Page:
Carolina was a special place for all of us, but like all schools, she makes you leave. Although I know we’ll come back one day, reminiscing about our time walking these bricks and sharing success stories, it’s hard to leave initially. Graduation sneaks up on you in the swarm of moving, eating with friends, finals, pictures and senior shenanigans. You drive off and realize it really is over, the days flourishing in the Pit, throwing Frisbee in the quad and camping out all night in the UL are for a new class of students. It feels like someone is tearing your heart from your chest, waving it in your face and telling you it’s no longer yours. Campus morphs into a vastly dead silence, lying in wait for first years to start swarming campus as wide-eyed as we once were, and it all feels so unfair.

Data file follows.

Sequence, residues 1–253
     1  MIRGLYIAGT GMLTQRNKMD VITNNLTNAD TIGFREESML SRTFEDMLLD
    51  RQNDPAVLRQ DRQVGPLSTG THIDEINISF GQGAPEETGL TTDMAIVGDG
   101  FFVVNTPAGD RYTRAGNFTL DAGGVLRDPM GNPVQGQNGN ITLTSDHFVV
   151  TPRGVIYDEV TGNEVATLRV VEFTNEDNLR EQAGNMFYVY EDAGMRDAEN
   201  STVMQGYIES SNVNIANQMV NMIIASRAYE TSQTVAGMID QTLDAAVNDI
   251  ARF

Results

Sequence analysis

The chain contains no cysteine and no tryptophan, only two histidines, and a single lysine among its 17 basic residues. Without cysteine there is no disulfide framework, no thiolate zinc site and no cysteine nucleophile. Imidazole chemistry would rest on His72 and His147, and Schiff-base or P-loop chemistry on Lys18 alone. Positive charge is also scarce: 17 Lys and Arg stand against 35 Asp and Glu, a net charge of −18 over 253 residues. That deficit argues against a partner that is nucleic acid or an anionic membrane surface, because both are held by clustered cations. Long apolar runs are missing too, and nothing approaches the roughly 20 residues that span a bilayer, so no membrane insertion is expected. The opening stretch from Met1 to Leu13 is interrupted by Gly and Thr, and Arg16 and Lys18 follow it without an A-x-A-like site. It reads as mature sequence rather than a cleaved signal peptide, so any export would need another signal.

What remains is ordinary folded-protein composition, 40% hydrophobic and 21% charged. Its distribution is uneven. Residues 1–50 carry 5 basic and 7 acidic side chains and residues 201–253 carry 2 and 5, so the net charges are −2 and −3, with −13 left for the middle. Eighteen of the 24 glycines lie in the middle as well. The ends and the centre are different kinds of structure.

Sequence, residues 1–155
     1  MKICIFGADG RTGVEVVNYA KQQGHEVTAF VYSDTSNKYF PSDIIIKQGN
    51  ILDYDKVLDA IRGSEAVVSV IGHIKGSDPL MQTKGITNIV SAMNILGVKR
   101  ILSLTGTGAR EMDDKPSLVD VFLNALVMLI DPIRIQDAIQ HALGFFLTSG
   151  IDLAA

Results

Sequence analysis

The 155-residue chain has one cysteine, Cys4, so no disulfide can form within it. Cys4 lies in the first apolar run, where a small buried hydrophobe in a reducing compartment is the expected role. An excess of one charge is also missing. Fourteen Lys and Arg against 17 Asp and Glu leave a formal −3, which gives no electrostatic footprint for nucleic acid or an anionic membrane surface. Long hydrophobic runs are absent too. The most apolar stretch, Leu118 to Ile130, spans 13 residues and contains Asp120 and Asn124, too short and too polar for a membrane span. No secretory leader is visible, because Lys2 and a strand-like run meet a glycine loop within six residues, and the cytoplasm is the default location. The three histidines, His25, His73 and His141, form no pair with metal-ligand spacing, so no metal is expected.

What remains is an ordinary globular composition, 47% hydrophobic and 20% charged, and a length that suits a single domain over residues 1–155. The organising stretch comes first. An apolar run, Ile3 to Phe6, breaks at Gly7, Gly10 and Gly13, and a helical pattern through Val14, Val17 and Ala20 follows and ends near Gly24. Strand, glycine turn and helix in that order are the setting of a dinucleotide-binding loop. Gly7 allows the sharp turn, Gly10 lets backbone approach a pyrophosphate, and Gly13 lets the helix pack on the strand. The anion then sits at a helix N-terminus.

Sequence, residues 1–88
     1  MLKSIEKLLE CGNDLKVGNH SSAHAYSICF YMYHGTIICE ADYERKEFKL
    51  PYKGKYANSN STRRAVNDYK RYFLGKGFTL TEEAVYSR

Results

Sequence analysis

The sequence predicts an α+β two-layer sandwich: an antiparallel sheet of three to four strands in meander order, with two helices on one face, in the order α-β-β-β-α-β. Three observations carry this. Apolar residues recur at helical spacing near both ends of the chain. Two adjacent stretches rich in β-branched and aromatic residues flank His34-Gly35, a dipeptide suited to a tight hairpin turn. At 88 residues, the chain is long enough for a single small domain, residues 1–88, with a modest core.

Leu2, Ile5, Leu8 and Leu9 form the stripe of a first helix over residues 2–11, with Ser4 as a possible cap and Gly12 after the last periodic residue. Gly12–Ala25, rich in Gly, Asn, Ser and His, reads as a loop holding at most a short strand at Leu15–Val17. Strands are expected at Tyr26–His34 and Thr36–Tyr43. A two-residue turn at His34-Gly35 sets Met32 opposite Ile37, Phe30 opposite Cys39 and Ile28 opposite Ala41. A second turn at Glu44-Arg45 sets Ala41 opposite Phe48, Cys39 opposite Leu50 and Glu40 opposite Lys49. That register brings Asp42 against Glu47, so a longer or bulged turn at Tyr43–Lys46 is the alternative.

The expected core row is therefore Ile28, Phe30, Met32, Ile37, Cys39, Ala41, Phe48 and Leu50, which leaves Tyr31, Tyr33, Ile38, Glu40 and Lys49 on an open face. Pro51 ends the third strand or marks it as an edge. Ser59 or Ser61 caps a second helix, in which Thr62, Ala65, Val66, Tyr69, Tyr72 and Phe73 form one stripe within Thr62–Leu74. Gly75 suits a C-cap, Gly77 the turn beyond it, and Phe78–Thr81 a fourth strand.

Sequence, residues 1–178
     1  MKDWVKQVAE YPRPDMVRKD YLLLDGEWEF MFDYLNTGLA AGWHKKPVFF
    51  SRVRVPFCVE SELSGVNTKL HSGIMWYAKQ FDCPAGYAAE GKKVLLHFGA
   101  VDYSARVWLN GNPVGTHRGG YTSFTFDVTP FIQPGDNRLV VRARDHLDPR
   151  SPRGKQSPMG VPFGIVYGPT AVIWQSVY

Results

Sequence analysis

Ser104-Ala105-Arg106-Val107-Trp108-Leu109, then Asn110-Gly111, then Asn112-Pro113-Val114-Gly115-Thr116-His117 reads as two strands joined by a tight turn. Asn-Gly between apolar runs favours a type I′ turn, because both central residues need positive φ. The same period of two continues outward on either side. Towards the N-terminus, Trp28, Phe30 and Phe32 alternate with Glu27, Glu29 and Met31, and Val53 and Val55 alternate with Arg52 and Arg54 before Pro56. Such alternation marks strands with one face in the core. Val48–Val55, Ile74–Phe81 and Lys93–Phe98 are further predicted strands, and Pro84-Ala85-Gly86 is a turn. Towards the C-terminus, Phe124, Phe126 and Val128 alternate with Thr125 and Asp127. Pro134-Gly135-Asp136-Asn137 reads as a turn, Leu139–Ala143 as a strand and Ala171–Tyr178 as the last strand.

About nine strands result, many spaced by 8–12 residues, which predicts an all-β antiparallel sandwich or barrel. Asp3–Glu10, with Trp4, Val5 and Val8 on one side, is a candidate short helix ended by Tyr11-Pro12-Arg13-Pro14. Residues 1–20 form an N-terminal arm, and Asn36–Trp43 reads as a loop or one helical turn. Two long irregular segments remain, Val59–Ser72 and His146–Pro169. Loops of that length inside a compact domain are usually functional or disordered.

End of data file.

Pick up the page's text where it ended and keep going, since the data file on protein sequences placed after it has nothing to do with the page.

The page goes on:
But wasn’t this the goal? We certainly didn’t enroll to be eternal college students. We talked about this day, how we couldn’t wait for it, how we dreaded it, how we thought we weren’t going to make it. We wanted to graduate. No, we didn’t expect it to rain for an hour and 45 minutes of the two hour ceremony, but we imagined it. We wanted to wear alumni shirts and become famous with degrees, fancy cars and have kids who could wear baby Tar Heel clothes. This was the whole point and we made it. We did it. Not everyone who started with us ended with us, but they are still a part of our experience and that’s life in all its irony. Some of us stuck together to the end and we have a lifetime of memories to share for it. Some of us went through some really, really hard times. But we persevered, like Jason said. So graduation is not sad, because it means we accomplished an admirable thing, we achieved one dream, and we can accomplish more.